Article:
The news is out now, and the analysis begins (live coverage at Engadget here). My two cents on both: Google is now officially a Really Big Company, and is acting like one. Diversify your revenue streams, for one thing. Leverage and consolidate your core strengths, for another. And protect your vulnerable flanks, for yet another.
The ability to sell video is great, but not news. We’ve known that was coming. What is really interesting is the pricing leverage: Google is splitting revenues 70/30 – that’s 70 to the content producer. Also very important is that the producers of content are the ones who set the price – again, totally different from traditional models. Thirdly, Google is doing its own DRM. That’s very interesting, and probably best left as the subject of another post. Producers can decide to not use DRM, as Charlie Rose did, Feiken told me.
This is a major step toward entirely new models of content distribution, and if I were Comcast, DirecTV, the telcos, or frankly anyone in the traditional video business, I’d be a bit concerned. It gives content producers far more power to connect directly to audiences, and the leverage will only increase – in five years, it won’t be 70/30, it’ll more likely by 80/20. Gary has a good roundup of some of Google’s competitors in video. (And Tristan has an overview here that is useful too). Clearly they are not the only player here, and the video/content industry has no interest in insuring that one party owns distribution.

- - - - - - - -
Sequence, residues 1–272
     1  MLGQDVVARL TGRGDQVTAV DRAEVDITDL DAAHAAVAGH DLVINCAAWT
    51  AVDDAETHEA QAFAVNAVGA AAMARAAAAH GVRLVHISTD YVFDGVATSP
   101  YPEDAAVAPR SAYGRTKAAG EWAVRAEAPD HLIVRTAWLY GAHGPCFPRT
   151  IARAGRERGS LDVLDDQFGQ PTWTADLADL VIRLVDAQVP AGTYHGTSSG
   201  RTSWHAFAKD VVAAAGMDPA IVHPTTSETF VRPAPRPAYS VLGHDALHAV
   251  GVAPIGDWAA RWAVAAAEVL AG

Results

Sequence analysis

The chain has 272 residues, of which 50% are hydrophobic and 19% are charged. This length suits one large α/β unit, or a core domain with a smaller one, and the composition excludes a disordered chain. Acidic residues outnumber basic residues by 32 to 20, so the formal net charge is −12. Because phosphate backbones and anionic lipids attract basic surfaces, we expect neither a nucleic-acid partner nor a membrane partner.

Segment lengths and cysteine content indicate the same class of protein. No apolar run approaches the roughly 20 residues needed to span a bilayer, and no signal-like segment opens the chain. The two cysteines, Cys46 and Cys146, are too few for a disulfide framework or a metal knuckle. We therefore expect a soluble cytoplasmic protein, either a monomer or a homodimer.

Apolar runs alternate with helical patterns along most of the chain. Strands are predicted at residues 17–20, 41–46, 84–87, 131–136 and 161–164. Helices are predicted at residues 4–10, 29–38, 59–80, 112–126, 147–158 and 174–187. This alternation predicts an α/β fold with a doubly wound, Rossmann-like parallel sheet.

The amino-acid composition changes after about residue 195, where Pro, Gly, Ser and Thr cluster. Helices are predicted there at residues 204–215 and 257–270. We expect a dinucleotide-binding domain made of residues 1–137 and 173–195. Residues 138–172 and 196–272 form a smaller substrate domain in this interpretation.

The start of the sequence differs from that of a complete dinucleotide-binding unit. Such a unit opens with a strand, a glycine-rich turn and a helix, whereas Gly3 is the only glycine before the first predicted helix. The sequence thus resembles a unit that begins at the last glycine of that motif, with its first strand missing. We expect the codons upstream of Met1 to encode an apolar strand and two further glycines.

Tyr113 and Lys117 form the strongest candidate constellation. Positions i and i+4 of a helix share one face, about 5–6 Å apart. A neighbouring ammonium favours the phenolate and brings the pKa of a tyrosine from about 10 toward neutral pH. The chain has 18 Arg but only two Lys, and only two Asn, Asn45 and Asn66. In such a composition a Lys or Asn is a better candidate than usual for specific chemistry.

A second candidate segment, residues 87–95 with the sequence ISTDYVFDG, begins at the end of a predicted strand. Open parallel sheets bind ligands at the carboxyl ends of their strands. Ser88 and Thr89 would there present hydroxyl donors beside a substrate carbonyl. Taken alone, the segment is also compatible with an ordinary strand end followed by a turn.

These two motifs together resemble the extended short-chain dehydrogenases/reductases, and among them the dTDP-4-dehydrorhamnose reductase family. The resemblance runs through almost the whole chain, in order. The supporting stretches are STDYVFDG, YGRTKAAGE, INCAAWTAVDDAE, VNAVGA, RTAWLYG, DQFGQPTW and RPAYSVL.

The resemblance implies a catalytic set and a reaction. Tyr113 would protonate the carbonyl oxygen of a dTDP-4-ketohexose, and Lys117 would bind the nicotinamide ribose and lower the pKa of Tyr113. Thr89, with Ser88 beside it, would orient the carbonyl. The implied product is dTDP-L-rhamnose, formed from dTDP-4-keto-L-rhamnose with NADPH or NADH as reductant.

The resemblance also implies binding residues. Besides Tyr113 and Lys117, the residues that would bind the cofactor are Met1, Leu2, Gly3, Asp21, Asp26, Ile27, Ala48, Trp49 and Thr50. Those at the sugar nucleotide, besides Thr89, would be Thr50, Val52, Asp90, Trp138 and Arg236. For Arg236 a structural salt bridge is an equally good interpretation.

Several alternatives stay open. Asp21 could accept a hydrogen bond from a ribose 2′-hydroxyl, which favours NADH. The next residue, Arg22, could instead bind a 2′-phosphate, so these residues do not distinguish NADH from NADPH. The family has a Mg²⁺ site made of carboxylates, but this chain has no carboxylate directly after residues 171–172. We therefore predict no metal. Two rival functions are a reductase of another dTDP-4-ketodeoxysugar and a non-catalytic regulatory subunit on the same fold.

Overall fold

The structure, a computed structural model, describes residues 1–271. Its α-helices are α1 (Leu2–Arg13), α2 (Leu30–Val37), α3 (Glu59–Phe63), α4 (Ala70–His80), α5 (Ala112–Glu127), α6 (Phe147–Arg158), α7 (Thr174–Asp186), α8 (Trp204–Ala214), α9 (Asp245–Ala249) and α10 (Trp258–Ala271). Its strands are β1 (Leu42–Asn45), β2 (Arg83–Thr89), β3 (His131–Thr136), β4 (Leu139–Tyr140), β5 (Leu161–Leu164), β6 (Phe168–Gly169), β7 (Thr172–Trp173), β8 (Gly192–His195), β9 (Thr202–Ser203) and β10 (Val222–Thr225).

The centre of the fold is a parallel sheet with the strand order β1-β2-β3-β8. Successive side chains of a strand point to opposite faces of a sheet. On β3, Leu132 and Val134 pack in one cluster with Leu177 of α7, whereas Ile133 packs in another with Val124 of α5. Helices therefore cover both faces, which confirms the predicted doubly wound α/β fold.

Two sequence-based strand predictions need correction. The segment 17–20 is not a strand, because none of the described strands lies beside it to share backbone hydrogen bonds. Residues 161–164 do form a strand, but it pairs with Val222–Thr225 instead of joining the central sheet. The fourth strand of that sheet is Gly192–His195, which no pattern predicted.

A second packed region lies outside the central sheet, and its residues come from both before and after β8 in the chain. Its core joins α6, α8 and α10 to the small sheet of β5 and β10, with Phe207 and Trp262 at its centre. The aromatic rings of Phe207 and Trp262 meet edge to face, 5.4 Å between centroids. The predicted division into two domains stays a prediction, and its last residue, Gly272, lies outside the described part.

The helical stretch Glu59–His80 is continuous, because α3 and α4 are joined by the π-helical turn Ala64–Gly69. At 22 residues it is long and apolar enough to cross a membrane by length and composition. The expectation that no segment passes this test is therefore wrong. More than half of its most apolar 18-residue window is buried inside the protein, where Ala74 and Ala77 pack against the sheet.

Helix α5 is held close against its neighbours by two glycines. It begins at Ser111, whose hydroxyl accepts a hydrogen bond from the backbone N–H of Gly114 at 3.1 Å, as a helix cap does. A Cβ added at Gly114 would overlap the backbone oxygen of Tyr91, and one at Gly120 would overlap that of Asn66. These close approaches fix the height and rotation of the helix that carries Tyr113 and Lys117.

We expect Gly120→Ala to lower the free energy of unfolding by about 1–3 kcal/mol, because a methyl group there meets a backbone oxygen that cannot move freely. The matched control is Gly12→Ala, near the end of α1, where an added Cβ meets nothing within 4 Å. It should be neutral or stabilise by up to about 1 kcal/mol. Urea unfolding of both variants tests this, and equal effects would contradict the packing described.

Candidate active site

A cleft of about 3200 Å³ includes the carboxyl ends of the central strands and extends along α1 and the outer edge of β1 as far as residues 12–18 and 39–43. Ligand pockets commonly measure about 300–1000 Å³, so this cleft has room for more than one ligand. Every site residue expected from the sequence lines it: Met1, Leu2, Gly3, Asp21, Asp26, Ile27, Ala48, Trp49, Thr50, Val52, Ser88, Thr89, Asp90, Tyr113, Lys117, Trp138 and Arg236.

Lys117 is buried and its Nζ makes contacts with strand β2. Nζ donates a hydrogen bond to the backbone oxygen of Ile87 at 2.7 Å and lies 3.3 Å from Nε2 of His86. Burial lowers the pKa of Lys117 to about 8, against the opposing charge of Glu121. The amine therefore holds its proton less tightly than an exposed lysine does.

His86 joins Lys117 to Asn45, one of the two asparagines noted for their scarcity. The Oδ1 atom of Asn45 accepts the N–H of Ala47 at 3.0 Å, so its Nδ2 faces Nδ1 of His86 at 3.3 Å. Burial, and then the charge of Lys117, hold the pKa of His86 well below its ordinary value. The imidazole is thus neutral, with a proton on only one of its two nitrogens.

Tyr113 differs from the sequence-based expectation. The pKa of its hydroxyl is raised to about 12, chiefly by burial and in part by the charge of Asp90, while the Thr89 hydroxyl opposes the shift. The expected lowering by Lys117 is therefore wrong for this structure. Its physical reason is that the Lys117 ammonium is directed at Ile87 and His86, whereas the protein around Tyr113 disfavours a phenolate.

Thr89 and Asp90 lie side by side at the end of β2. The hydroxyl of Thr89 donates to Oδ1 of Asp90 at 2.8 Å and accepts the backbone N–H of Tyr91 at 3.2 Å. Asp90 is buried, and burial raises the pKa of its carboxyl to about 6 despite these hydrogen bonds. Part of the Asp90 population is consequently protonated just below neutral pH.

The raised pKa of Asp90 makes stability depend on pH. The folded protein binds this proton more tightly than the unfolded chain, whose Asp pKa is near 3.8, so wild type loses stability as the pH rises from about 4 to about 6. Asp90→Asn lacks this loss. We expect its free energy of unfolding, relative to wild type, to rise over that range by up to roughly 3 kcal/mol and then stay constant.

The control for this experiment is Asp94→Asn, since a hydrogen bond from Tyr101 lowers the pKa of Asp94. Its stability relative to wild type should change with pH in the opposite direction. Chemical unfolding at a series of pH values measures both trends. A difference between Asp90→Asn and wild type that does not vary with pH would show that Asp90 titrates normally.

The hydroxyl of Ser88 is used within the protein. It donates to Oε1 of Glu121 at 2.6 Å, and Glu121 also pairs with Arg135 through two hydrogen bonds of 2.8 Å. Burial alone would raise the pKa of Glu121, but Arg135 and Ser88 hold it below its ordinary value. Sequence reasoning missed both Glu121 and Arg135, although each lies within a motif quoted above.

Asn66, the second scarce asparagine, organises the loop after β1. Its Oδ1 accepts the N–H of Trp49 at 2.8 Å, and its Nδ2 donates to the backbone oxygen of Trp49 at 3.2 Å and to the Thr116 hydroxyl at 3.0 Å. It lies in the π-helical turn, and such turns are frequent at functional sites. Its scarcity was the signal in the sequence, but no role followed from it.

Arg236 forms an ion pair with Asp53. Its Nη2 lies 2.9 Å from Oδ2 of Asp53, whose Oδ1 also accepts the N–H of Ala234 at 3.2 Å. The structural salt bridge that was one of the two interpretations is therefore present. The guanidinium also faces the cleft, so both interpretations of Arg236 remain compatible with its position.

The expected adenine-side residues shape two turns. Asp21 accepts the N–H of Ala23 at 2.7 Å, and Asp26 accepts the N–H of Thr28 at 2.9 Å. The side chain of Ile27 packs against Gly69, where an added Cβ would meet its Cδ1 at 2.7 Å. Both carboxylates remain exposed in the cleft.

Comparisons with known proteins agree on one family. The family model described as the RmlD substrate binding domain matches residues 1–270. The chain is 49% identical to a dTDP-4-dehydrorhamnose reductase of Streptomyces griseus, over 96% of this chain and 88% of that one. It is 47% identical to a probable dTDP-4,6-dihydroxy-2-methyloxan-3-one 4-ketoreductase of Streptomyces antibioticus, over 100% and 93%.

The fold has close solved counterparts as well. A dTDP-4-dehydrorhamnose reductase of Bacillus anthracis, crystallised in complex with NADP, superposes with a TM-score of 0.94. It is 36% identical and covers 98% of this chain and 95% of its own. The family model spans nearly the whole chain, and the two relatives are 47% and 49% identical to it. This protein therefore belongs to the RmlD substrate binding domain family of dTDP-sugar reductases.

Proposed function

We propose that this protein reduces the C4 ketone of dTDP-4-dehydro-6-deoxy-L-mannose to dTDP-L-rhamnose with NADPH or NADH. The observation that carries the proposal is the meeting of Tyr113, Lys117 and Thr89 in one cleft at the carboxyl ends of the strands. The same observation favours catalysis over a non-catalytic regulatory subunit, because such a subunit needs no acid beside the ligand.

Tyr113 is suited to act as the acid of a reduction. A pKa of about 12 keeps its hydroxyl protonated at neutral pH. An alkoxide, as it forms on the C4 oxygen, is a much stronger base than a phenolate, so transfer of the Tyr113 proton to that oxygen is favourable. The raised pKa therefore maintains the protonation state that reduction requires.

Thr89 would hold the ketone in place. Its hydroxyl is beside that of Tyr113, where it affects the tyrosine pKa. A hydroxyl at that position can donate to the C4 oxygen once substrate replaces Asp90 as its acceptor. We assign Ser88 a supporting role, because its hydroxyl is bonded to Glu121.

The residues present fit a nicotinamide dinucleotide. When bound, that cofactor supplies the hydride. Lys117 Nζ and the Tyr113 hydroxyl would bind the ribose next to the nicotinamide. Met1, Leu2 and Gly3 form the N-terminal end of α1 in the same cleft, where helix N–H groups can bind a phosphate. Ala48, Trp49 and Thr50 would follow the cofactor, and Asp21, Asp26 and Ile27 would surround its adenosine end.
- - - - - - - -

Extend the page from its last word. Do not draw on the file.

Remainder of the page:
What I really wonder is what the split to producers like CBS or the NBA is with traditional players like Comcast. I’m guessing it ain’t even close to 70/30. This is market disruption at its finest, assuming the service actually works (it was delayed at the time of posting.) And, of course, that a critical mass takes it up on both ends. Feiken told me that they currently have “thousands” of videos up for sale or rent, and about 40 major content partners. She also said she expects that the major movie studios will join up soon.
Another very important part of this announcement is ranking and relevance. I asked Feiken how Google plans to rank Google Video searches – clearly this ain’t no simple PageRank play. Will they rank by popularity? Profitability? Metadata? “We realize this is a difficult problem to solve and we are definitely innovating in this area,” Feiken told me.